Saturday, March 20, 2004

Fake Food For Thought
By LaTonya Taylor

I was sitting at a restaurant with some friends when our waiter came by with a tray of desserts. As the waiter rested the heavy tray of sugary treats against our table, I leaned over to ask a favor of my friend Todd.

"Todd," I whispered, trying to be subtle, "Ask the waiter if that food is real or wax." Todd gave me his you've-got-to-be-kidding look. "C'mon," I pressured him, "I really want to know, but I don't want to ask. You do it. Ask him if it's real or not." After barely suppressing an eye roll, he asked on my behalf. Even though I thought the food might be wax, it was real!

I'm not going to pretend this is normal, but I have always been strangely attracted to fake food. Maybe it comes from making plastic Bacon Lettuce and Tomato sandwiches on my kitchen play set when I was little. Or serving my parents little cups of plastic ice cream topped with shiny plastic cherries. Or frying up delicious cheeseburgers on my toy range. My dolls loved them! Or looking at model homes with my family and marveling at how real those melting "sundaes" looked. Or . . . well, you get the picture. To this day, I am fascinated by fake food—or, as it's called in the fake food industry (yes, there is a fake food industry), "replica food."

I think part of my fascination comes from thinking about how much meticulous, painstaking work goes into making a piece of wax or rubber or plastic or silicone look like a real cake, a loaf of bread, a piece of fruit or a hot dog. It's a long process with several intense steps: matching paint colors, creating molds, pouring the material, and on and on. It's really a lot of work to put into something that just looks good. Something that can't satisfy real hunger. Something that offers no nourishment.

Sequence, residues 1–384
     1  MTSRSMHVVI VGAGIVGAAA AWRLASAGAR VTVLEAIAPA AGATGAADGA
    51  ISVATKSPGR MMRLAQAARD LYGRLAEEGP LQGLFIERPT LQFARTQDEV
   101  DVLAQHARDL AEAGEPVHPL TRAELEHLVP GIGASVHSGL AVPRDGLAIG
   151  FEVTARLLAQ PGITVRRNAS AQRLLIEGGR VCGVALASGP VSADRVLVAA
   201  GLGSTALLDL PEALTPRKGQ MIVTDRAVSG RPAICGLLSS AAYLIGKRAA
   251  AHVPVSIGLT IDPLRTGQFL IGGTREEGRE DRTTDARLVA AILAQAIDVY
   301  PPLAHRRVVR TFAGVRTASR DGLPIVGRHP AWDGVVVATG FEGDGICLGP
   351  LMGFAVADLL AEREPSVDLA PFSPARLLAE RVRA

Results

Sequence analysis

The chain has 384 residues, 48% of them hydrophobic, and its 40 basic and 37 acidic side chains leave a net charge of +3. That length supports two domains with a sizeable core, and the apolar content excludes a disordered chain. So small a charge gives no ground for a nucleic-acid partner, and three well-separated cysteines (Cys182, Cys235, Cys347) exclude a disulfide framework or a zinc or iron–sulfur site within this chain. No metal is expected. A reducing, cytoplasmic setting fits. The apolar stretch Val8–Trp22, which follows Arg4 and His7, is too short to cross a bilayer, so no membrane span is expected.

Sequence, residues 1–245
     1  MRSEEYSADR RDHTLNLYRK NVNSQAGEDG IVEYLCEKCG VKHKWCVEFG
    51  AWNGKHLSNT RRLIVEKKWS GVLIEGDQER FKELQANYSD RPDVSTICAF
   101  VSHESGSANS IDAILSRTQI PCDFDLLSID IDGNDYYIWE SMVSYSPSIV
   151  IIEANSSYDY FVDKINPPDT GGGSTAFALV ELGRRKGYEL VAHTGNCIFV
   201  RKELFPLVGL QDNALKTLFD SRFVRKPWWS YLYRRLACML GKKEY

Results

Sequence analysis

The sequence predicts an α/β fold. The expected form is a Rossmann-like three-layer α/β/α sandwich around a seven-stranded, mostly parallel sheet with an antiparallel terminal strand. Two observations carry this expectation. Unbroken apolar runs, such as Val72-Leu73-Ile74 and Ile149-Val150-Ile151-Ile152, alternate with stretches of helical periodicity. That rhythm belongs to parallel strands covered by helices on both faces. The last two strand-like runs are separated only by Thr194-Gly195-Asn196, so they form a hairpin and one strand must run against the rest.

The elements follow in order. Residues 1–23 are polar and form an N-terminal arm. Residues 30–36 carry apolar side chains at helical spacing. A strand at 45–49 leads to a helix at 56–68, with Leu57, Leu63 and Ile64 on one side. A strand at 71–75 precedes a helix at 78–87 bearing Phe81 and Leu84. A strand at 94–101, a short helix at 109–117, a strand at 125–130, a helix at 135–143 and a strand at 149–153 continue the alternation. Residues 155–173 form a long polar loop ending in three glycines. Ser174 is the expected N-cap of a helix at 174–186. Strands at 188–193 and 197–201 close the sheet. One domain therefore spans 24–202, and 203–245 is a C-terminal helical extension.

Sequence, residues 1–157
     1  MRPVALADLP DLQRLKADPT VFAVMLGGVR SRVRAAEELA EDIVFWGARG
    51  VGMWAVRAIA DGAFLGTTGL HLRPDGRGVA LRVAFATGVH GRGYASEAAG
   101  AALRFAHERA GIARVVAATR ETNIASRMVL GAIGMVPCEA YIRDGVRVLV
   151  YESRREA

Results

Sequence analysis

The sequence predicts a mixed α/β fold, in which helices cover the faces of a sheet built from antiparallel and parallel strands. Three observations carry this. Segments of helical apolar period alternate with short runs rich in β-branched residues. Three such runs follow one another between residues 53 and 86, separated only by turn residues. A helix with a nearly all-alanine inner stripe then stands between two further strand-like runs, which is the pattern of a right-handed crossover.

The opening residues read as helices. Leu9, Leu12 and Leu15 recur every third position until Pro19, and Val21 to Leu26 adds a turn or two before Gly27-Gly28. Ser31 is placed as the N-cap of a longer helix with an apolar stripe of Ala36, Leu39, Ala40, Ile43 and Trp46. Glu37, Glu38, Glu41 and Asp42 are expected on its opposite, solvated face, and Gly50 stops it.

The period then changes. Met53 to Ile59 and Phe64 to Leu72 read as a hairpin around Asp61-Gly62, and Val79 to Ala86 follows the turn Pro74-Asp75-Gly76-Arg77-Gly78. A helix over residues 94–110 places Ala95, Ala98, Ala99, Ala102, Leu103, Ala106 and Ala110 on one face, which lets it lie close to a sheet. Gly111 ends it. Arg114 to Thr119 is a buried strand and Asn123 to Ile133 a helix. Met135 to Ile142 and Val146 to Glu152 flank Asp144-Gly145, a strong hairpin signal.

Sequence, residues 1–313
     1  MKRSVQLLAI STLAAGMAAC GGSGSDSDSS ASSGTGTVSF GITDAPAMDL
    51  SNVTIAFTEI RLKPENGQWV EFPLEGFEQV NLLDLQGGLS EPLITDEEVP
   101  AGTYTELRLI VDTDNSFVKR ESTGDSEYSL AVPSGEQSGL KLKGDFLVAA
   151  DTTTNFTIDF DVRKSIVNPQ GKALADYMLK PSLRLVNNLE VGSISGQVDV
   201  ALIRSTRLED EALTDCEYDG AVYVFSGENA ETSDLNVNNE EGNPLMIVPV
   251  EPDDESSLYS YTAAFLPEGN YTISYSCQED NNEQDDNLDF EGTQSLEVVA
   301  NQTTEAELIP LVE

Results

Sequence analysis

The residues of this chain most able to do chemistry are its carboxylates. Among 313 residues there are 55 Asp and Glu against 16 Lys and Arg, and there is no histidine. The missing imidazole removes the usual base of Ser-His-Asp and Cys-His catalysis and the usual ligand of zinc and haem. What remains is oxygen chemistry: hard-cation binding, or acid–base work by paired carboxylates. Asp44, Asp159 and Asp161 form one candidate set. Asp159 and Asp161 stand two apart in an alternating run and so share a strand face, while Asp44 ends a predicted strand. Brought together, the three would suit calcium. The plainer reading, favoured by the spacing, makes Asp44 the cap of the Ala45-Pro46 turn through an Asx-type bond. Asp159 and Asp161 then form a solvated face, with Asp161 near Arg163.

My fake food fascination makes me think of something else: How much work it can take to be spiritually "fake"—that is, to pretend I've got it all together when I haven't. To act like I'm becoming spiritually mature in areas of my life where I'm really just starting to grow. To act like I don't need help when I really need my friends to pray for me, to encourage me, or to hold me accountable for doing the things that result in spiritual growth.

It takes a lot of strength and humility to admit that I am a growing person who makes mistakes along the way. But I've realized lately that being honest with both God and Christian friends helps me grow in my faith. And just like real food provides a satisfying meal, my spiritual honesty ends up being a lot more satisfying and fulfilling than fake faith.

It's not easy, but in the long run, it's better to be who I am and trust that God will use the experiences in my life, both good and bad, to make me who he wants me to be: A real, honest person with nourishing, satisfying faith.


At September 7, 2007 at 10:44 AM, Anonymous Anonymous said...

Aunt Bubbies Kitchen Replica Foods.

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Fake food and display items for all seasons and themes.

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All Fake Foods are Very Realistic, but they are not edible.

Fake Food Items Are for Display Only and are not play food.

Keep out of reasch of pets & children.

Do not let anyone try to eat them.

Buyer assumes all responsibility if items are ingested, misused or mishandled.

By placing an order buyer agrees to these terms.

Broken pieces can be a choking hazard and some materials are harmful if ingested.

Items are made with building materials, various clays, polyurethane, paint & various decorative embellishments.

Fake Foods contain No food ingredients.

Nothing is edible!

Cut and Paste The Link Below:


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